Kneeling Prayer.Orthodox Church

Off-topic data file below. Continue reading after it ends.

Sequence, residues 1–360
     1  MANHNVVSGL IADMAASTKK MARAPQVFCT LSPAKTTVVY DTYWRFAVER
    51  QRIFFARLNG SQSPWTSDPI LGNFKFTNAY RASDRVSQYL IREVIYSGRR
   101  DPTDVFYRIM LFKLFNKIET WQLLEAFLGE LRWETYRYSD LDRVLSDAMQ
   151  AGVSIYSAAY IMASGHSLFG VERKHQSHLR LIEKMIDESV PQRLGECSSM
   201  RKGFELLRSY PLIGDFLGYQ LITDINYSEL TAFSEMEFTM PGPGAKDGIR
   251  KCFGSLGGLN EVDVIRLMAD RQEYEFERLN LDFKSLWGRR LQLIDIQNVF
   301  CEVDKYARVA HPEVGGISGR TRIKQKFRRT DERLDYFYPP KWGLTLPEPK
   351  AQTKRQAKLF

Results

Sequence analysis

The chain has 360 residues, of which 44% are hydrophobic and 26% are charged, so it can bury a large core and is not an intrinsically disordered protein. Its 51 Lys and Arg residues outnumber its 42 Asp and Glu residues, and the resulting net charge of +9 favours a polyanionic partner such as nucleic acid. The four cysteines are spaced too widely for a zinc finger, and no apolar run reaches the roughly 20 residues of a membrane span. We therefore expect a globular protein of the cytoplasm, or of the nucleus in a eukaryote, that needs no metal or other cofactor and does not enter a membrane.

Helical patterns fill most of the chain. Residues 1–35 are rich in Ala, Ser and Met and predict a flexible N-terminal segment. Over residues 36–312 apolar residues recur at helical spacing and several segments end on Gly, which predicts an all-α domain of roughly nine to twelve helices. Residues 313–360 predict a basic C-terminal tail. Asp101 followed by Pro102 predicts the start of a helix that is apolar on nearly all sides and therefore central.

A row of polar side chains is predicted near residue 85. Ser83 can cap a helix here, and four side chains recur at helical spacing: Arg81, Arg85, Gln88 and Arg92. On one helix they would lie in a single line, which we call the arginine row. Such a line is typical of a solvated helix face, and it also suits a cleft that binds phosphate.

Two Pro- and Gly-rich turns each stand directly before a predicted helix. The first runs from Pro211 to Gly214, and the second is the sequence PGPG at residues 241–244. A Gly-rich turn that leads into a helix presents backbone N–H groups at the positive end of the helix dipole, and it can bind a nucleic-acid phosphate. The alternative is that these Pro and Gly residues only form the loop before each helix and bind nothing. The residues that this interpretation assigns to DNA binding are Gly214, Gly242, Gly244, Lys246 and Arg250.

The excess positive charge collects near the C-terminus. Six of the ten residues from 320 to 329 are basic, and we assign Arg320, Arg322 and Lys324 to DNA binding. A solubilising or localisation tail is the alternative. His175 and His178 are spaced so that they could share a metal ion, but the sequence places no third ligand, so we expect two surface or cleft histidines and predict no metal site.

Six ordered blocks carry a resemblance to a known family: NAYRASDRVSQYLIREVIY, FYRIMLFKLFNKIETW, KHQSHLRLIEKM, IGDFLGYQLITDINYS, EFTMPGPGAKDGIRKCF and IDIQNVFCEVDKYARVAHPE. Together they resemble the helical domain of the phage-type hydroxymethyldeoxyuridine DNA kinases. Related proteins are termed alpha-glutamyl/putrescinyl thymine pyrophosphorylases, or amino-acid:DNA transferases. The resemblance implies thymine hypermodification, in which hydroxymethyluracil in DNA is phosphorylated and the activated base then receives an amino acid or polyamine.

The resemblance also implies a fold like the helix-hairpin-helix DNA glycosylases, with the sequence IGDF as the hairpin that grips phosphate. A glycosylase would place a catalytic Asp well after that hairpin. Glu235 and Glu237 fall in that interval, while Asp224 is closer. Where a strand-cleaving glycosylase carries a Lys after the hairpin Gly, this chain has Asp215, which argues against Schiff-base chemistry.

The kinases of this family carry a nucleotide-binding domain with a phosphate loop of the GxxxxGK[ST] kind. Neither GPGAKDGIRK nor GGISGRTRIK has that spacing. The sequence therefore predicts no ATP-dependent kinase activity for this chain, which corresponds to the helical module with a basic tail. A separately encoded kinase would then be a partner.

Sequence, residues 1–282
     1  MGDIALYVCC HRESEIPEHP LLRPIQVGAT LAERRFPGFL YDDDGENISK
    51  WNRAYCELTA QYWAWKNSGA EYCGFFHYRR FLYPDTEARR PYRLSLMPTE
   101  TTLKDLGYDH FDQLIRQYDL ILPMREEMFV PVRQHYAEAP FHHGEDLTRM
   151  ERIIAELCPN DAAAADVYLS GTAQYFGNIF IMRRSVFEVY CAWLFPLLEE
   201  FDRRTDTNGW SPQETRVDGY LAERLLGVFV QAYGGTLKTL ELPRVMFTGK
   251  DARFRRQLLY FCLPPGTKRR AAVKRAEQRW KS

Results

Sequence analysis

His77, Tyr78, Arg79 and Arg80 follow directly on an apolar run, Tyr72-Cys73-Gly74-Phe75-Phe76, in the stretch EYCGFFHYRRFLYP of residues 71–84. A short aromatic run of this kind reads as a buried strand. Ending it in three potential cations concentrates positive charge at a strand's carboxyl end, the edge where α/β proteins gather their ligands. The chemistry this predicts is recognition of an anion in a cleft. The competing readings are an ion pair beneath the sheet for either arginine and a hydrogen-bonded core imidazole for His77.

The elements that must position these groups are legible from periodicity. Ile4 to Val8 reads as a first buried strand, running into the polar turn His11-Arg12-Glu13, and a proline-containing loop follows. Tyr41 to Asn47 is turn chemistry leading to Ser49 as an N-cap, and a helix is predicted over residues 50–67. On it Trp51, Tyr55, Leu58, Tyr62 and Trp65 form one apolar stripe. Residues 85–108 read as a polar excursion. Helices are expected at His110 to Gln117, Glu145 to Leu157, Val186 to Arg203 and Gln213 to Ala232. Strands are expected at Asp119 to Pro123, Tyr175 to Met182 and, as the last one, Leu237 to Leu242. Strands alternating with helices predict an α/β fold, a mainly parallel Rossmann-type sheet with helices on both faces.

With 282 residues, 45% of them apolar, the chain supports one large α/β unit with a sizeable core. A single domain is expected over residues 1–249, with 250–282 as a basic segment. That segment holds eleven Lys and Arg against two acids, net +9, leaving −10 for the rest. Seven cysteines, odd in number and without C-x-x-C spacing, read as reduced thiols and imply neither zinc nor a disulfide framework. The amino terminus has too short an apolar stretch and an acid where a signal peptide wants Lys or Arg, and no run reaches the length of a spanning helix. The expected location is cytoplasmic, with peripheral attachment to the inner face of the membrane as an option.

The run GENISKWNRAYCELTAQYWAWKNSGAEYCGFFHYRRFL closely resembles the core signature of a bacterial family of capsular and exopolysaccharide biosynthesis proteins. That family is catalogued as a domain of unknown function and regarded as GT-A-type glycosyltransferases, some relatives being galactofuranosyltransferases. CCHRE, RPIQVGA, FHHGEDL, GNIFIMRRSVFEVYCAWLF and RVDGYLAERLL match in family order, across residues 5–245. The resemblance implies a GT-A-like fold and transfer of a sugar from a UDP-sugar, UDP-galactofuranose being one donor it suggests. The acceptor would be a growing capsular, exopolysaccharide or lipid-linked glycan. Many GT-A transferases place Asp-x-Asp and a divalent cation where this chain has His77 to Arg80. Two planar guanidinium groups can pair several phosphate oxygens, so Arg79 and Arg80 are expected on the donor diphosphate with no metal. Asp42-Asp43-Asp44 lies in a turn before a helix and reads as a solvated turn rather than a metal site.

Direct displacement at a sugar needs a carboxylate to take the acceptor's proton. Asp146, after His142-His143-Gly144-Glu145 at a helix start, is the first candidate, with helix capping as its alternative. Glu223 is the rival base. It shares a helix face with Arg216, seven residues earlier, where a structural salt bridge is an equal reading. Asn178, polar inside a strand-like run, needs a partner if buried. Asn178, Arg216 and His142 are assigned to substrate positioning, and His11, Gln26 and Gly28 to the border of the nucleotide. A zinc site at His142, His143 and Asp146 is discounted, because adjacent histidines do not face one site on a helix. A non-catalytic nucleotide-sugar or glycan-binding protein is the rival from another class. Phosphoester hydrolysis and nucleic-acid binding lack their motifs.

We’ve adapted to this culture up here. (It’s cold and white everywhere these days, because we have so much snow!!) We have become sort of bland. Ha-Ha! And I got pulled away from the practice of what I love, into a rather generic sort of Christian expression. Even in these posts, I was more inclusive, even of the photos I would use to illustrate my posts. I have stopped explaining about my faith practices, letting people just assume I am a generic “Christian” woman. Which I am, but I realized that I have been compromising myself. It is not all of who I truly am. I cannot please the public; I cannot continue to “pose” as something I am not. And I was caving into the pressures I had warned my kids about all these years. I was not being true to who I really am. I am an Eastern-rite Catholic woman. I love the smell of incense. I love the Divine Liturgy. I love chant. Not Gregorian, but old world, eastern chant. I love icons. I love being in a church where you can scent the incense from a previous Liturgy, and light the beeswax candles and be transported to a holier place; a place of oneness with God. It eases my soul. And even if I am “all over the place” and a tad bit scatterbrained today, I am also more at ease because I have realized these things about myself. And it comforts me.